Child Support and Imputation of Income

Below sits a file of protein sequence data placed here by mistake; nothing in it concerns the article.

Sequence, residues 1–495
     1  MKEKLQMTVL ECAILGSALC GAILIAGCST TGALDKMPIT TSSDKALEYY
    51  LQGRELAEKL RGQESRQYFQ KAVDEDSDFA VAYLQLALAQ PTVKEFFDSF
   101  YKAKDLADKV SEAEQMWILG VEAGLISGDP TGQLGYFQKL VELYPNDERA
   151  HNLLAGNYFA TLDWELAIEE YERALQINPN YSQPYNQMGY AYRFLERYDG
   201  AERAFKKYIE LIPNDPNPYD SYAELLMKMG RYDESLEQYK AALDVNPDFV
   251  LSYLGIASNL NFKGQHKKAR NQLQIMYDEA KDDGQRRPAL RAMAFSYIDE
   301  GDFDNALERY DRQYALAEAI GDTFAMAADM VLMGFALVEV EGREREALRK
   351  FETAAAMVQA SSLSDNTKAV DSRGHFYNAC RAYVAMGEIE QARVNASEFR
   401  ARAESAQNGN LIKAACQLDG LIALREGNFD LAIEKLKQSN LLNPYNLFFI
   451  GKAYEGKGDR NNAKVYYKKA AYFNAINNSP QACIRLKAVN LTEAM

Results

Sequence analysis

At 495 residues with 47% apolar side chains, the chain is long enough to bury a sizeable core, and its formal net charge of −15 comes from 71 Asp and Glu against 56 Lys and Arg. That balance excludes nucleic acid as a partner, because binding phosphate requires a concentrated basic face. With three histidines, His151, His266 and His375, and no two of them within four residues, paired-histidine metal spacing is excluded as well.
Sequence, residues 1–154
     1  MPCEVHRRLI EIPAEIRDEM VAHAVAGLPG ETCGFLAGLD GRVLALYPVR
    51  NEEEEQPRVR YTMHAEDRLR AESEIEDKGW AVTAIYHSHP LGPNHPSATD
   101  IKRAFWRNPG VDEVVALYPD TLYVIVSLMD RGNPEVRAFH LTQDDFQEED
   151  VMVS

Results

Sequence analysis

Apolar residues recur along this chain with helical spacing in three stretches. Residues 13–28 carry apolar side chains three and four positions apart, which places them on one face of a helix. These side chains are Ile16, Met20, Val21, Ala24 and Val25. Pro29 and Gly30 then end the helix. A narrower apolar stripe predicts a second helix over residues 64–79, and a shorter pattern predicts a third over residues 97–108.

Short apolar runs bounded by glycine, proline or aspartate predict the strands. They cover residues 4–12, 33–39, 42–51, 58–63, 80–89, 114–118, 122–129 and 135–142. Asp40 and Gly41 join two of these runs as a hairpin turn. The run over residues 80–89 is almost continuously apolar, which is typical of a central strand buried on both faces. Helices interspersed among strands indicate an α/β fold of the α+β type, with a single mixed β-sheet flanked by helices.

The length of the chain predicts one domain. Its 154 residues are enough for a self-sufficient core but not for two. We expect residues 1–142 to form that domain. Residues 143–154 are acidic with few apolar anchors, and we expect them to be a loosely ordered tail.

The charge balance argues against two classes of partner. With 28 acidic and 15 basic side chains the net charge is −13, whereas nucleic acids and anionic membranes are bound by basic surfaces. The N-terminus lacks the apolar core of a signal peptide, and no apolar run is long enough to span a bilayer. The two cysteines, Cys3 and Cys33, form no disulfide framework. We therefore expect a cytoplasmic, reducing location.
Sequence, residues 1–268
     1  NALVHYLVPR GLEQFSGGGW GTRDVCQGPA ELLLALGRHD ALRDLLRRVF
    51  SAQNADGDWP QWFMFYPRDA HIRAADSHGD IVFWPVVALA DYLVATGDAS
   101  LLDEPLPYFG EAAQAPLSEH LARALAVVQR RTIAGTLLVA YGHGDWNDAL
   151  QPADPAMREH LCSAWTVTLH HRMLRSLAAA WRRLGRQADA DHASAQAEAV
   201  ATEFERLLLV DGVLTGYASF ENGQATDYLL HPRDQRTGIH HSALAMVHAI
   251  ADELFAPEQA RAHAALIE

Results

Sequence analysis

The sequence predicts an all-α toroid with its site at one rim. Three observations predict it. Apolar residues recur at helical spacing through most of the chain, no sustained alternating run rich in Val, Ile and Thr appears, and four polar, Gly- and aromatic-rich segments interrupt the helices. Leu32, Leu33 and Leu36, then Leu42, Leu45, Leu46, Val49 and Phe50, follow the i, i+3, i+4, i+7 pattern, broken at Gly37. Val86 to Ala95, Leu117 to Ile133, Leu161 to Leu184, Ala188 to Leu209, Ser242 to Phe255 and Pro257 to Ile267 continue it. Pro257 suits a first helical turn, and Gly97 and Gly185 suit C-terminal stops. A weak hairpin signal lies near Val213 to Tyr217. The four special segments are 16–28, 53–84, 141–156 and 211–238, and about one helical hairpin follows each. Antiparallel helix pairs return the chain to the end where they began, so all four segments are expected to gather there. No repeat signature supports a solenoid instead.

What happens to child support when one parent switches careers or quits their job? Guideline Child Support Every parent has a duty to support their children, whether or not they are employed. When parents divorce or separate, one or both may petition the court for child support. The court will order both parents to provide income information, including paystubs and tax returns, in order to calculate the presumptive amount of child support. The guidelines can be found in 20-108.2 of the Code of Virginia. The guidelines will apply unless they are somehow unfair or inappropriate. If a parent chooses a lower-paying job or quits working altogether, he or she should not be allowed to avoid their obligation to pay child support. One solution is to impute income to a parent that chooses not to work or switches to a lower-paying profession. Imputation of Income Virginia courts have consistently held that a parent cannot avoid or reduce their child support obligation merely by switching careers or quitting their job. Under 20-108.1(B)(3) income may be imputed to a parent who is voluntarily unemployed or underemployed. The court will look at the parent’s earning capacity, training, and prior earning history in determining whether to impute income. A parent cannot voluntarily pursue low-paying employment to the detriment of support obligations to a child. Niemiec vs. Commonwealth, 27 Va. App. 446. In order to show voluntary conduct, the court will consider the parent’s reasons for leaving a position, their earning capacity, education level, and work history. The court held in Antonelli vs. Antonelli, 242 Va. 152 (1991) that the risk of success at a father’s new position “was upon the father, and not upon the children.” In that case the father left a salaried position as a stockbroker for a commissioned position in the same field. When his income was drastically reduced, he requested modification of his support obligation. The court held that his conduct in choosing a different job was made in good faith for legitimate business reasons, however, it was still voluntary and his child support would not be reduced. Other Grounds for Adjustment The court can also adjust the presumptive amount of child support if any of the following circumstances apply: 1) a parent provides support to other family members, 2) costs related to visitation with the children, including travel expenses, 3) debts incurred for the child’s benefit, 4) special needs of the child, 5) standard of living established during the marriage, 6) earning ability and needs of each parent, 7) tax consequences, 8) any other factors that impact the fairness of the child support award, Anytime there is a material change in circumstnaces, the court may revisit and adjust child support accordingly. If you believe you have special circumstances affecting your child support case, you should contact an attorney to discuss your options.

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